This year has wound up being a Spider-Man renaissance for me, and I can think of a few different reasons. First, likely the least significant, and most recent, is the announcement of Penguin doing a Penguin Classics line of Marvel comics, one of which will be classic Amazing Spider-Man. While I think it is interesting that Penguin acquired the distribution rights to Marvel comics and then decided they deserve special distinction, it holds some meaning to me that these comics will sit aside so many classics on Barnes & Noble shelves, and bear that Penguin symbol of esteem.
The hype for No Way Home has also steadily built up across the year, which has had a larger effect on my Spidey enjoyment than the above has. I’m still not sure the film will be good, but it is pushing me to watch a bunch of Spider-Man films from across my life, and I’m even excited for the bad ones!
Lastly though, is, on its surface, probably the thing that seems the most separated from enjoying actual stories featuring Spider-Man, but for myself, is one of the most consequential experiences I have had with a fictional character or franchise: the LEGO Daily Bugle.
Part dollhouse, part obsession with buildings, and part Spider-Man, this toy sparked my Spider-Man renaissance, along with a LEGO one, as can be seen by the X-Wing on the left, the Steve Rogers Mech on the right, the Ahsoka up top, and the tiny T’Challa Star Lord at Sandman’s “feet”. All of this is to say that this toy has pushed me to be more creative this year, and much of that creativity has gone directly into enjoying more Spider-Man stories, including Mighty Marvel Masterworks: The Amazing Spider-Man Vol. 2.
Up to now, I think this volume of comics is the oldest comic that I’ve enjoyed this much, and while at least some of the blame should be given to the intangibles of this year, it is also full of great issues, and great creativity overall. Highlights include Doc Ock in general, Spidey’s interactions with Johnny Storm, the issue where Peter quits being Spider-Man and Jonah gloats the whole time, and is generally a good time.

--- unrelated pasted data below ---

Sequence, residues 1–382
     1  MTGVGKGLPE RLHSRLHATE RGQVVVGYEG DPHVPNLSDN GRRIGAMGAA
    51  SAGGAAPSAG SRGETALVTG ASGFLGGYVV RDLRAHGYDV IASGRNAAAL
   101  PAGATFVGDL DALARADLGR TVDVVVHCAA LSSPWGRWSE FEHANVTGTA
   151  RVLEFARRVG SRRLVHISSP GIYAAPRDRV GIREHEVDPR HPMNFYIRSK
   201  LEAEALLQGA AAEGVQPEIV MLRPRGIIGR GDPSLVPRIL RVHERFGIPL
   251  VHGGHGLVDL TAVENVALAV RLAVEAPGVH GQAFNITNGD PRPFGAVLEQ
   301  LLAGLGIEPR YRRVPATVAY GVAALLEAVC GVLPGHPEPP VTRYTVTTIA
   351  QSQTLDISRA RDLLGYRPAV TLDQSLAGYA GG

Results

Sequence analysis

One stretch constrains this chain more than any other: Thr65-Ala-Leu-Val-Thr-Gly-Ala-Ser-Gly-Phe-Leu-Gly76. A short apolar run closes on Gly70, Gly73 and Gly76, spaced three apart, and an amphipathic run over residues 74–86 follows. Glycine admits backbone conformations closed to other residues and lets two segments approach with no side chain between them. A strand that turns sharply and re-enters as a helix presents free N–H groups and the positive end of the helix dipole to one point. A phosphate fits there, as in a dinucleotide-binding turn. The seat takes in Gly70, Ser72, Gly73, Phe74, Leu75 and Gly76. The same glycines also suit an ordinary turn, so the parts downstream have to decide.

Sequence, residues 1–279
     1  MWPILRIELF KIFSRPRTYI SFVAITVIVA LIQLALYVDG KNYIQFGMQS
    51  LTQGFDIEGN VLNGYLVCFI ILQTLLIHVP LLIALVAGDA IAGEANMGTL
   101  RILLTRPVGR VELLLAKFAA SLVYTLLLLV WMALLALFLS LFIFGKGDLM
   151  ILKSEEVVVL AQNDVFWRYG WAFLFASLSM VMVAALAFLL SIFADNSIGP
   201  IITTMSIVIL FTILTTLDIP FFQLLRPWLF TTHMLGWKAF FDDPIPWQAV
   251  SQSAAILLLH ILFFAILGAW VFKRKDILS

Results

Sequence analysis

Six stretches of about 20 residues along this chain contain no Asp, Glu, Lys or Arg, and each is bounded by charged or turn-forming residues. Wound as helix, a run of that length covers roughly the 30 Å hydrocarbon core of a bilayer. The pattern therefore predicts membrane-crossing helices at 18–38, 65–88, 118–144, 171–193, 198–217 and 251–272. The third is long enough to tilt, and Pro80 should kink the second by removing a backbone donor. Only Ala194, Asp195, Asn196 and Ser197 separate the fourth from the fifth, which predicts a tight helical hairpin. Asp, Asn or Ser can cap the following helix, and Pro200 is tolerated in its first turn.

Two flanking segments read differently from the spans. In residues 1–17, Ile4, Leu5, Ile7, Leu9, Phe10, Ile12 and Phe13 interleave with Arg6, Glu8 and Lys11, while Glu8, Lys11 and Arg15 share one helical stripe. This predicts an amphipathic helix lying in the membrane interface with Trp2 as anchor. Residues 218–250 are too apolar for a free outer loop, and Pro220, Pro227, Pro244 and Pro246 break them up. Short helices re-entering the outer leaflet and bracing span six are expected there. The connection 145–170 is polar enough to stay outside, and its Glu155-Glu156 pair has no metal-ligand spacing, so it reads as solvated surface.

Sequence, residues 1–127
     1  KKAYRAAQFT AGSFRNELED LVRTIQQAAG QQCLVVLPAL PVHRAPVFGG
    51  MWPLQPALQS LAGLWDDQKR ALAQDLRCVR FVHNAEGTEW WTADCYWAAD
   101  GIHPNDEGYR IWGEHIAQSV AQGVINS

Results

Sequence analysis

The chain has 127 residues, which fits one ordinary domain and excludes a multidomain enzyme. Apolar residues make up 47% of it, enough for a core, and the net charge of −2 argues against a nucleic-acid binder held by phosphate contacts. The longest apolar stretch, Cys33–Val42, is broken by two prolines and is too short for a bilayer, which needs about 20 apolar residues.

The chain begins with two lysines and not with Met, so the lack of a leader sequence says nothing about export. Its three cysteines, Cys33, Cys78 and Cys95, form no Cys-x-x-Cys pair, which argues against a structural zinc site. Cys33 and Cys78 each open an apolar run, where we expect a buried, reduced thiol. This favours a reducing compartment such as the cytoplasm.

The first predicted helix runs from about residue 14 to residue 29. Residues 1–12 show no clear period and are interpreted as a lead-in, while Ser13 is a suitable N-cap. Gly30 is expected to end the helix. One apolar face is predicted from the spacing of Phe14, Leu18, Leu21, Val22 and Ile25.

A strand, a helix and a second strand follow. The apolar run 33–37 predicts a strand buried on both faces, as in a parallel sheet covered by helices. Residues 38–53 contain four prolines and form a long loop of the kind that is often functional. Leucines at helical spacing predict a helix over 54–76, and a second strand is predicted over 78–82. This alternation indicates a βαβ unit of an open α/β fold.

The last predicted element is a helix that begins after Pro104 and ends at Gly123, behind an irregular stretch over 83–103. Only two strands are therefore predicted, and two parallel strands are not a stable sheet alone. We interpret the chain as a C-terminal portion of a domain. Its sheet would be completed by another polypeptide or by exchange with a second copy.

One of my favorite developments across the series so far has been the way the cast has been built up, and the way the series deploys each member, for drama or comedy. One of my favorite uses of the cast, though, was when the story would take a tour of each character and their reactions to events unfolding.
This page does so much, not just to heighten drama, but also to provide little moments with these characters, and those little moments add up throughout the volume to provide character development and to make them more endearing.
As with the last volume, there is much to appreciate when it comes to Steve Ditko’s art, especially when it comes to layouts and action.
The above page is one that I found immediately striking, for a couple reasons. One is the choice of poses for Spider-Man to be in. They feel so weird, which is obviously purposeful, and emphasizes the fact that all of these images are mid-action. They feel less posed than many comics do, and instead feel like transitions between images and actions, doing a perfect job within a comic.
I also want to bring attention to the panel progression across this page, because I thought it was great, especially the bottom six parts of the grid. The storytelling almost feels needlessly complicated in the way it takes so much time to show Spidey going into a hole and springing out, which could more simply be done in two side-by-side panels. Instead, this six-panel sequence was made, which breaks down all of the actions and plays with space and timing to stretch out the narrative.
To me, though, the biggest draw this comic has is its cover art, illustrated perfectly by Michael Cho. This is the kind of art that I think Cho excels at, more than anyone else in the world. His work on the masterworks (along with his DC Golden Age covers) is the kind of work that makes me immediately feel like I’ve been pulled into the work, it has the exact vibe of it. It looks like it’s the way that Peter Parker’s memories are supposed to look, but almost in a more historically accurate way, less dreamy somehow.
Perhaps what I like the most about the cover is that it grew on me. Initially, I didn’t really like the amount of yellow in the piece; it felt at odds with the first volume’s cover, but also felt weird with Spider-Man’s redness dominating the image. I was, of course, wrong to question it, and especially so after reading it, as it feels perfect. I now look at it and see the teenage hero overwhelmed by the many faces behind him and around him. He kicks, not in control or out of triumph, but to escape, to get to safety. Incredible work, as always.
Mighty Marvel Masterworks: Amazing Spider-Man Vol. 2 is fun and entertaining with great art from cover to cover. It could use fewer words, but if you’re craving good Spider-Man before or after No Way Home, this will work beautifully.
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